Q&A: 1,000 Voices for Gaza

Activist Denny Cormier speaks with Al Jazeera about his plan to create a ‘cyber militia’ in the beleaguered Gaza Strip.

'Palestinians are the best people to tell their stories,' Denny Cormier says [Courtesy of Denny Cormier]

For the past eight months, Denny Cormier has hunkered down in the Gaza Strip, working on a project called 1,000 Voices for Gaza. As part of the project, Cormier, a 68-year-old retired American businessman, holds seminars and consults with Palestinian activists on how to best leverage the power of social media – both to raise awareness about the plight of Gaza residents and to make human connections with people around the world. His work is self-funded, with some help from local NGOs.

Cormier remained in Gaza during this summer’s 51-day war, spending 12-hour shifts at the al-Shifa Hospital to act as a “human shield”. The hospital was a potential target for Israeli airstrikes, and by remaining there at all times, activists aimed to protect it. Cormier also shared daily news updates of the war’s traumatic consequences via social media.

Cormier spoke to Al Jazeera about the impetus for his 1,000 Voices project, along with his broader hopes for Gaza.

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Al Jazeera: What initially drew you to Gaza?

Denny Cormier: I was involved in the Occupy movement in the United States in 2011 and 2012, and I got very used to the streaming technology that was being used during that small American revolution of sorts. I was on Twitter one night and I noticed a post about bombs being dropped on Gaza; I went looking for a live stream and there was one operating that night from a young journalist in Gaza City. I started watching the video, and it was compelling because I could hear the bombs dropping and I could hear the drones in the background. I ended up watching that broadcast pretty much round the clock for eight days. From what I was seeing and hearing, I knew that something was wrong. From that broadcast I really started looking closely at what was being reported in the news, what was happening over there.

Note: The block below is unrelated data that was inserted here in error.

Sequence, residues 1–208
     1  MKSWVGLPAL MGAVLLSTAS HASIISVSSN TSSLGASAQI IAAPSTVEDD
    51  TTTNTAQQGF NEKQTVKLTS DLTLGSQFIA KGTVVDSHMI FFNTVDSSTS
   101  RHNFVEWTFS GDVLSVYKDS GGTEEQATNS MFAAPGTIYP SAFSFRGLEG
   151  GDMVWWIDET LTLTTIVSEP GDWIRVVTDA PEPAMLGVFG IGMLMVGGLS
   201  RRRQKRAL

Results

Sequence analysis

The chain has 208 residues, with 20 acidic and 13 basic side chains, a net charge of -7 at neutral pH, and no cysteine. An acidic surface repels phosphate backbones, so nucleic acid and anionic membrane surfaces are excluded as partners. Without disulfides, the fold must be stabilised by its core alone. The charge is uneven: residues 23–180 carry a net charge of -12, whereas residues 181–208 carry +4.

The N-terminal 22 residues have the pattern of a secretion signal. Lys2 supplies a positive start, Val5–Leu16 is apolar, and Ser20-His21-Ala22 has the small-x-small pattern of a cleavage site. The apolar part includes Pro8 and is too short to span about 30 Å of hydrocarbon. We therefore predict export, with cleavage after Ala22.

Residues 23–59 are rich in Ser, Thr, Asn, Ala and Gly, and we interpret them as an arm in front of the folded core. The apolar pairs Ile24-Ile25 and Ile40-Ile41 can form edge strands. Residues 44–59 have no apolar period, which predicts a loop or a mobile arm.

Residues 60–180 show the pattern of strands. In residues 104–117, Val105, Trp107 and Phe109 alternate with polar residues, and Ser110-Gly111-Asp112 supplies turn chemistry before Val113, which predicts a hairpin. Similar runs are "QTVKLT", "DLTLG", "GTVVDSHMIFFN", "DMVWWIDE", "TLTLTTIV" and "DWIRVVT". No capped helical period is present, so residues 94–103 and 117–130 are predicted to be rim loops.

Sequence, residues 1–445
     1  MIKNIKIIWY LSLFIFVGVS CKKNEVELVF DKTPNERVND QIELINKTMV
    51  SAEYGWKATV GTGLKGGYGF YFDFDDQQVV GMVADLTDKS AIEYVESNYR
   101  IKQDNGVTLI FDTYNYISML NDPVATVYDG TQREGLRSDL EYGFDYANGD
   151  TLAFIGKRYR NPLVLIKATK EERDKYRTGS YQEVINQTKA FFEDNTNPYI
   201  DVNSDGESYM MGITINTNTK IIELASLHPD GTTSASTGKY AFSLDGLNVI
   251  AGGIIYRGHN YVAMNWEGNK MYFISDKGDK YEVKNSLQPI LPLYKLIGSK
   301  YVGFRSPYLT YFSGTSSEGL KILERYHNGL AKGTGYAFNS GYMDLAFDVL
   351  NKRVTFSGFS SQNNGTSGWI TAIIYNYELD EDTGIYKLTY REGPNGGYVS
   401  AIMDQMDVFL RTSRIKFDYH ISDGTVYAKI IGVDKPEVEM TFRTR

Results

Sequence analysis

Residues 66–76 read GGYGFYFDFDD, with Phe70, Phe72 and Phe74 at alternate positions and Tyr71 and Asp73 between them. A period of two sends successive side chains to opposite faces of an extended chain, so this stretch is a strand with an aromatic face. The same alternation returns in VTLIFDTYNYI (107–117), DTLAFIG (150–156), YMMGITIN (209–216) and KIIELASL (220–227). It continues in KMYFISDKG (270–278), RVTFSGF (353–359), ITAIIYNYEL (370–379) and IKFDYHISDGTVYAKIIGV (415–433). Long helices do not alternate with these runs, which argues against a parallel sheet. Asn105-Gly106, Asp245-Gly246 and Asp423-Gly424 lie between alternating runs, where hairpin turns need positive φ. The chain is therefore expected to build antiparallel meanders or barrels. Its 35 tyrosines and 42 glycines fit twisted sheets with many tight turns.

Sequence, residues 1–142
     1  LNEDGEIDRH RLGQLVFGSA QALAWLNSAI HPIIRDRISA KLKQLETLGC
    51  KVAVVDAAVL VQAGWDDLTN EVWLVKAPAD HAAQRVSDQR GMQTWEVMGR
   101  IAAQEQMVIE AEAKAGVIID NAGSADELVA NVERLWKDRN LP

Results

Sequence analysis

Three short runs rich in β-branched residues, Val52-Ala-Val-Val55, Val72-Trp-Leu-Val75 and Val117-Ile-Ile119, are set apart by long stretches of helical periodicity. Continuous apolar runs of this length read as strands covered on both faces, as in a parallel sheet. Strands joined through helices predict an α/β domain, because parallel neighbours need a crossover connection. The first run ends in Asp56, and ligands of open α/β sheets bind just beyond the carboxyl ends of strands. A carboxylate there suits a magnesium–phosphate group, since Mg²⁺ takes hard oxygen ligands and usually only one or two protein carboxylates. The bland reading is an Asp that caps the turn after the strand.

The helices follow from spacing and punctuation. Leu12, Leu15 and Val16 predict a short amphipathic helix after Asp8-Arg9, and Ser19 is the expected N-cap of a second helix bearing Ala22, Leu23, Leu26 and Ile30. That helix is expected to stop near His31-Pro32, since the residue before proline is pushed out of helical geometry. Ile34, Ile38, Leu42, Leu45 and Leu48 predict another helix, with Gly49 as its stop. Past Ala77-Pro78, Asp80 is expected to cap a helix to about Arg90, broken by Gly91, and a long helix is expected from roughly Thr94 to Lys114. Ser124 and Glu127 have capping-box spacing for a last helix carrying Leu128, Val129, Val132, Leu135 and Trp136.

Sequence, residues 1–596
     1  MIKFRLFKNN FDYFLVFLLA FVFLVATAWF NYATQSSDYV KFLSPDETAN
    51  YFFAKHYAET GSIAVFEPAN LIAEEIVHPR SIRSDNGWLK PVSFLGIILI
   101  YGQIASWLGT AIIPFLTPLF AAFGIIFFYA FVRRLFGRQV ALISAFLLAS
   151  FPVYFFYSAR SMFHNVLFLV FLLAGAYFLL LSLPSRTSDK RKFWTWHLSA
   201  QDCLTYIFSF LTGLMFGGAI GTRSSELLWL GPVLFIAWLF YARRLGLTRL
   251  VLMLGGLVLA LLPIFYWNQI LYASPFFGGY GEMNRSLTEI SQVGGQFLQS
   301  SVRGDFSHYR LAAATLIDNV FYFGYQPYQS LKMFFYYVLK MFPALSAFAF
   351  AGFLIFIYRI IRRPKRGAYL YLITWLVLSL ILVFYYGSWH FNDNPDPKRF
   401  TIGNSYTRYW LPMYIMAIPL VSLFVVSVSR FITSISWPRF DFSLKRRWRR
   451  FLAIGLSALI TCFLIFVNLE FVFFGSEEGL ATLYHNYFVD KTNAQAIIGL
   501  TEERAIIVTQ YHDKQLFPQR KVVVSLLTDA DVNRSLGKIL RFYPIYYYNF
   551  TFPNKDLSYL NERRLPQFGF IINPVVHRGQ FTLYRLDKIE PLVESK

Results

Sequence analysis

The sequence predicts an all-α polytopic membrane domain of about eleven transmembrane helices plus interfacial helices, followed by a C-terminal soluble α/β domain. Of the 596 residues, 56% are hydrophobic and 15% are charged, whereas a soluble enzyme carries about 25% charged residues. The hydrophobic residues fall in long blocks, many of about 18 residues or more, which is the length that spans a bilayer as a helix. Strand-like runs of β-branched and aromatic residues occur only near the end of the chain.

If people here become more familiar with the technology they can report immediately what the media is not reporting.,

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AJ: What prompted you to start the 1,000 Voices for Gaza project, and what does it entail?

DC: For a very long time I’ve believed that the Palestinians are the best people to tell their stories. Many Palestinians use Facebook; with the young population it’s probably 90% or more. They use it for social reasons, but I saw this as a great opportunity. I developed this project with my friend Nader Abd el-Naby, a student at the Islamic University in Gaza. The idea was to come here and to empower university students primarily, but anyone, to use the internet for resistance – a cyber militia, if you will, because the Israeli students were doing it very well. The Israelis had a phenomenal public-relations machine and that did not exist in Gaza. 

Americans have a way of coming into a country on their white horse and saying I can fix this for you. I don’t come from that approach. I spent many weeks discussing this with students over coffee, and tea, and lunch, and we have now developed some classes. A seminar that I did recently at al-Aqsa University was on this very subject: How can you use the internet to do what the media is not doing for you? How do you expand your connections in the virtual world? It’s very difficult to think of your friend as a terrorist when you spend a year talking with him 7,000 miles away, you exchange photographs, you meet their kids. That is one of the magic elements in finally breaking a cultural siege.